I also STRONGLY agree with the negative impact of closing schools. I am continually dismayed by the mantra of ‘choice’ that is provided under the assumption that segregation and non-neighborhood schools is actually what parents want (ie would ‘choose’), when in reality, what parents want is great neighborhood schools. We really need to challenge our districts to not see school closures as a ‘solution’, especially when those same boards approve charter schools at essentially equal rate to traditional enrollment closure/loss.

    I am glad the study included both poverty line rates and F&R rates, since many people confuse those two things. That said, I am continually frightened when I re-realize our child poverty rates in this state. It’s unbelievable. And because I can’t resist, I compared each of these district’s 2011 API with the 2011 poverty level and F&R rates provided in the study. It should not be much of a surprise that the inverse correlation was extremely high for both, -0.93 for poverty to API! Even though the study mentions the hope that LCFF will help some of this, I can’t but remember the LACOE bulletin mentioned earlier..

    Health coverage:
    I think there is a typo in the first sentence of that section.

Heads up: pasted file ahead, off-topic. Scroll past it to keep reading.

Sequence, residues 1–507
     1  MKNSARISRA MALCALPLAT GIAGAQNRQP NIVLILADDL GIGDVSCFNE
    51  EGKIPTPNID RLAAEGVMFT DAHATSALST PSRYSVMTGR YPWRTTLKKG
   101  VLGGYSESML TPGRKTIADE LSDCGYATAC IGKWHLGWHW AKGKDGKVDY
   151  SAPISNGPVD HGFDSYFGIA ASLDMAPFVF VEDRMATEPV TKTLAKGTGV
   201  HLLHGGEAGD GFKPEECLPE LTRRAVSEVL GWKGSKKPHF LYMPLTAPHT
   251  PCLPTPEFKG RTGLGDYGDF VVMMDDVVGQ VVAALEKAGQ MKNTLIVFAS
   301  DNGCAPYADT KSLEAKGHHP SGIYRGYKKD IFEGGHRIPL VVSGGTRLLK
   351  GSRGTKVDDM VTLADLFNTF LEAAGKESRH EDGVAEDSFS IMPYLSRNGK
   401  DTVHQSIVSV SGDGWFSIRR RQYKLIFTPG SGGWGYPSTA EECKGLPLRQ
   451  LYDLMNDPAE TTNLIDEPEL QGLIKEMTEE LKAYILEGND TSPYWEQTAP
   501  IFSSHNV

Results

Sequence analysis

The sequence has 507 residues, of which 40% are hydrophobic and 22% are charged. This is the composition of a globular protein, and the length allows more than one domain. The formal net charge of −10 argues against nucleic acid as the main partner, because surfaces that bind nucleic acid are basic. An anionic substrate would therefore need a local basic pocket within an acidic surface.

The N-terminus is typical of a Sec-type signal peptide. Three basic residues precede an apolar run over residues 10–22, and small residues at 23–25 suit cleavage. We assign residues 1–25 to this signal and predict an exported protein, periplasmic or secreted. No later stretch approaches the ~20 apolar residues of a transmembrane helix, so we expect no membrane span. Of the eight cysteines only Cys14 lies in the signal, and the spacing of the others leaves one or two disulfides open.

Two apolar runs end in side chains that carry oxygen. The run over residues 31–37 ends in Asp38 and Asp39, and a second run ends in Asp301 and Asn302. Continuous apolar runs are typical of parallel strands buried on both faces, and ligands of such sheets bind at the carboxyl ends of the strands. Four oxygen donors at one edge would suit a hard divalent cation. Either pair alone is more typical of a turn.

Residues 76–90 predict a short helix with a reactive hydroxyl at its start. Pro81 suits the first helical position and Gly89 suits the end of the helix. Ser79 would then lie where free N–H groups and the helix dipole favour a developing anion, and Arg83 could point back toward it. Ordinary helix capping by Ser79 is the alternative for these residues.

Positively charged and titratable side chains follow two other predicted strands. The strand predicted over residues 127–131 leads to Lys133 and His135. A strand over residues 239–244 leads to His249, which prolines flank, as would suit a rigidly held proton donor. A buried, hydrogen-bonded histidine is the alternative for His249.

Lastly, I would mildly disagree that this report represents a school system that is slowly recovering from the damage inflicted by years of budget cutting. Some things mentioned in the report are completely independent of school funding, so while they may improving, its not as a result of school budgets. Even then, nothing has really changed yet. Prop 30 just kept things constant last year (actually it probably didnt even do that). Its true LCFF may have provided a belated boost to 12-13 budgets, but that was after school ended (if they’ve even received it yet). And this year’s metrics are not included.

    That all said, I am excited to see how these numbers compare in a year and two. And also, thank you for your work on this.

    1. el says:

      I agree with navigio’s horror at the high rates of poverty and low income for kids. I don’t get why this isn’t a regular national discussion along with deficit and unemployment rates.

      I think we can solve nearly all our perceived “problems” in education by ensuring that our schools have a < 10% poverty rate. However, it's not mathematically possible when nationally the rate is 25%.

      Further, those poverty thresholds aren't adjusted for cost of living, so it's the same whether you live in San Francisco or North Dakota. With California's high cost of housing and other expenses, our rate of pain per poverty is almost certainly higher than most other states.

      1. navigio says:

        Its even scarier when you realize its just an average. We have entire counties that have childhood poverty rates at or above 40%, let alone individual districts and regions with even much higher rates. Insane.